Gordon Campbell | Parliament TV | Parliament Today | News Video | Crime | Employers | Housing | Immigration | Legal | Local Govt. | Maori | Welfare | Unions | Youth | Search

 


Third way’ enables constitutional change by popular demand

Third way’ enables constitutional change by popular demand


People should have the power to create a new constitution whenever they wish, but very few countries actually allow that to happen, according to Law lecturer Dr Joel Colón-Ríos.

Dr Colón-Ríos, who is the author of Weak Constitutionalism: Democratic Legitimacy and the Question of Constituent Power, published in 2012, says there is often a clash between constitutionalism, “which in the last instance is about telling people the things they shouldn’t do,” and democracy, “which is about telling people they can govern themselves in any way they want”.

“My research interest is looking at ways in which different constitutional systems deal with this tension.”

The traditional approach, followed by countries such as the United States, Canada and Germany, is to have a written, and supreme, constitution that cannot be changed by mechanisms such as popular initiatives and referendums.

A handful of other countries, including New Zealand, have no supreme constitution but allow Parliament to make constitutional changes without the direct intervention of the people.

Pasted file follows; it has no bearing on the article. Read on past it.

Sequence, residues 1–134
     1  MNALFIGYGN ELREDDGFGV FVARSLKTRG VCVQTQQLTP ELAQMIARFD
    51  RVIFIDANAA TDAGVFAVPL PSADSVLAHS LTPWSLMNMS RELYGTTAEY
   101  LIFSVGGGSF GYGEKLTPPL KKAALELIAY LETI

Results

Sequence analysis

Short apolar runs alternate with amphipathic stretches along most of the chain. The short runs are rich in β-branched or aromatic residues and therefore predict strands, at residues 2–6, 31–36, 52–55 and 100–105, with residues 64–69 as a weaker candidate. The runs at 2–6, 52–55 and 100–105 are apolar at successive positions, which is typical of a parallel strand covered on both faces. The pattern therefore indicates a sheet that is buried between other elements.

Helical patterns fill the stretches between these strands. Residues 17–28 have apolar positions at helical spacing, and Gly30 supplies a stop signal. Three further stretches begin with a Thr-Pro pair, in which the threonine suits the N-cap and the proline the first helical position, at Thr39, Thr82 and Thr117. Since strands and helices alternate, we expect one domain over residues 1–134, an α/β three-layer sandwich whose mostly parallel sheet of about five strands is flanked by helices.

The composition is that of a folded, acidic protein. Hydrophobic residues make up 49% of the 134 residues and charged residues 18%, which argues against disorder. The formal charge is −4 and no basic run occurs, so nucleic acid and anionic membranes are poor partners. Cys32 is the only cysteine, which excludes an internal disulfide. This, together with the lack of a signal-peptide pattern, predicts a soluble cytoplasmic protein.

“Underlying this is a fear in many societies that if people are given the power to bring about important constitutional changes outside the ordinary institutions of government, they will make bad choices.”

Puerto Rican-born Dr Colón-Ríos is interested in a third way, currently followed by just three Latin American countries, which he says comes closer to achieving the ideals of both constitutionalism and democracy.

Bolivia, Ecuador and Venezuela have created a process that allows for the constitution to be reformed or rewritten if there is enough popular demand.

In these countries, if a percentage of eligible voters (which ranges from 12–20 percent in the three countries) sign a petition, government is required to call a binding referendum on whether a special assembly should be convened to rewrite the constitution. The new constitution must then be ratified in another referendum.

“This procedure has never been used,” says Dr Colón-Ríos, “but it’s interesting to see the emergence of constitutions that allow for their own replacement, albeit through highly democratic procedures. Usually, constitutions aspire for the opposite—to be permanent.”

Dr Colón-Ríos says that because these Latin American constitutions were adopted after much controversy, “they tend to be regarded with suspicion and as temporary anomalies,” but he thinks their approach has a lot going for it.

“It provides a check on government—elected officials have to be careful because they know the people can replace the entire constitutional order at any moment.”

Dr Colón-Ríos is now working on his next book which focuses on the way in which judges, government officials, and citizens have used, and do use, the concept of constituent power in different legal contexts.

ends

© Scoop Media

 
 
 
 
 
Parliament Headlines | Politics Headlines | Regional Headlines